In 1998, Berkshire Hathaway (BRKa) had its per-share book value increase by 48.3%.
Must have been a good year, right?
Warren Buffett explains why it was less so than it seemed in the 1998 Berkshire Hathaway shareholder letter:
Normally, a gain of 48.3% would call for handsprings -- but not this year. Remember Wagner, whose music has been described as better than it sounds? Well, Berkshire's progress in 1998 -- though more than satisfactory -- was not as good as it looks. That's because most of that 48.3% gain came from our issuing shares in acquisitions.
To explain: Our stock sells at a large premium over book value, which means that any issuing of shares we do -- whether for cash or as consideration in a merger -- instantly increases our per-share book-value figure, even though we've earned not a dime. What happens is that we get more per-share book value in such transactions than we give up. These transactions, however, do not deliver us any immediate gain in per-share intrinsic value, because in this respect what we give and what we get are roughly equal. And, as Charlie Munger, Berkshire's Vice Chairman and my partner, and I can't tell you too often (though you may feel that we try), it's the per-share gain in intrinsic value that counts rather than the per-share gain in book value. Though Berkshire's intrinsic value grew very substantially in 1998, the gain fell well short of the 48.3% recorded for book value. Nevertheless, intrinsic value still far exceeds book value.
Back in the mid-to-late 1990s, Berkshire was selling, at times, at 200% to 300% of book value.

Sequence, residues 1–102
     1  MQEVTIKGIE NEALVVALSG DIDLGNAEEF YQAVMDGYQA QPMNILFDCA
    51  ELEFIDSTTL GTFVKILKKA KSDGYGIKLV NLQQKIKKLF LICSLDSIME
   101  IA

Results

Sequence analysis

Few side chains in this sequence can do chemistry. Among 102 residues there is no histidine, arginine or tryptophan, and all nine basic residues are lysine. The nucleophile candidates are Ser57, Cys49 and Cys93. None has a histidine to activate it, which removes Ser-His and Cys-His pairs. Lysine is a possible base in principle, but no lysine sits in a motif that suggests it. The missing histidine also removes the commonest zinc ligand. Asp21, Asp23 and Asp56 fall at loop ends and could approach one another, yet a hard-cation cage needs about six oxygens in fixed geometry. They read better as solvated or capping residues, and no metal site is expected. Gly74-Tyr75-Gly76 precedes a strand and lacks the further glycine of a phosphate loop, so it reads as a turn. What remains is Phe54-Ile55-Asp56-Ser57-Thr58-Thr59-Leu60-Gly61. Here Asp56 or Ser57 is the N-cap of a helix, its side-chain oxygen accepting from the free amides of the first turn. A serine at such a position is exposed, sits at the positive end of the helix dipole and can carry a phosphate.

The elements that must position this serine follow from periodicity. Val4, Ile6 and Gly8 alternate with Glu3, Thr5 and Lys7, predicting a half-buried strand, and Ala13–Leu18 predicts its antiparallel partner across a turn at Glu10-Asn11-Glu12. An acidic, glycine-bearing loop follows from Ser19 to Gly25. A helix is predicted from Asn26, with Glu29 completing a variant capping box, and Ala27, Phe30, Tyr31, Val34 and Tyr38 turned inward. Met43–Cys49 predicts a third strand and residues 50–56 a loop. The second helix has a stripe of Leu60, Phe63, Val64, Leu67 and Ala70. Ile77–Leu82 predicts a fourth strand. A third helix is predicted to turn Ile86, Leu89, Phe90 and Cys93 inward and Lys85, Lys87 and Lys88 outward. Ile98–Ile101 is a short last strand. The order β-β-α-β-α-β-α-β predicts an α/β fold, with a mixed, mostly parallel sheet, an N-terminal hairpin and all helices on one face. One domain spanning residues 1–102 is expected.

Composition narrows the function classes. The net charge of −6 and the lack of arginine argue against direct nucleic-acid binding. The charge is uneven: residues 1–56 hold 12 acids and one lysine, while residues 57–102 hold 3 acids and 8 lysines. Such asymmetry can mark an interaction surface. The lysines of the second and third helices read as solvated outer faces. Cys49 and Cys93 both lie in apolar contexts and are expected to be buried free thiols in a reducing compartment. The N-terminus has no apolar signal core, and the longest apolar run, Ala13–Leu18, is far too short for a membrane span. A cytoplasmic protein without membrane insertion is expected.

At that kind of valuation*, I think it is fair to say that Berkshire's shares were anything but cheap and that made the stock useful as currency for acquisitions. Use of a company's stock as a currency for acquisitions is, as I noted in this recent post, something Henry Singleton did effectively during his time at Teledyne. Earlier this year, Singleton's approach was highlighted in a Bloomberg article:
...Henry Singleton, made acquisitions using the company's stock when its price was high. When the share price went down, Singleton bought back shares repeatedly.
So he was savvy about using the company's stock, when pricey, as a currency for acquisitions. If a high-priced stock** (high relative to its intrinsic value) is used to acquire generally sound businesses selling for cheap, good things are likely to happen over the long haul. Henry Singleton was just as smart about buying back Teledyne's shares when it was cheap. According to John Train's book The Money Masters, Buffett once said this about Singleton:
"Henry Singleton of Teledyne has the best operating and capital deployment record in American business."
The Bloomberg article noted that, starting in 1968, Teledyne's stock generated a 23 percent annualized return over the next two decades.
In contrast to the 1990s, Berkshire's book value sat at roughly $ 111,700 per Class A share at the end of the most recent quarter. As I write this, the Class A shares are selling for $ 131,022.
A premium of 17% or so over that last reported per-share book value.
(or 117% of book value)
Berkshire announced last year that the company will repurchase shares at a 10% (or less) premium over the book value:***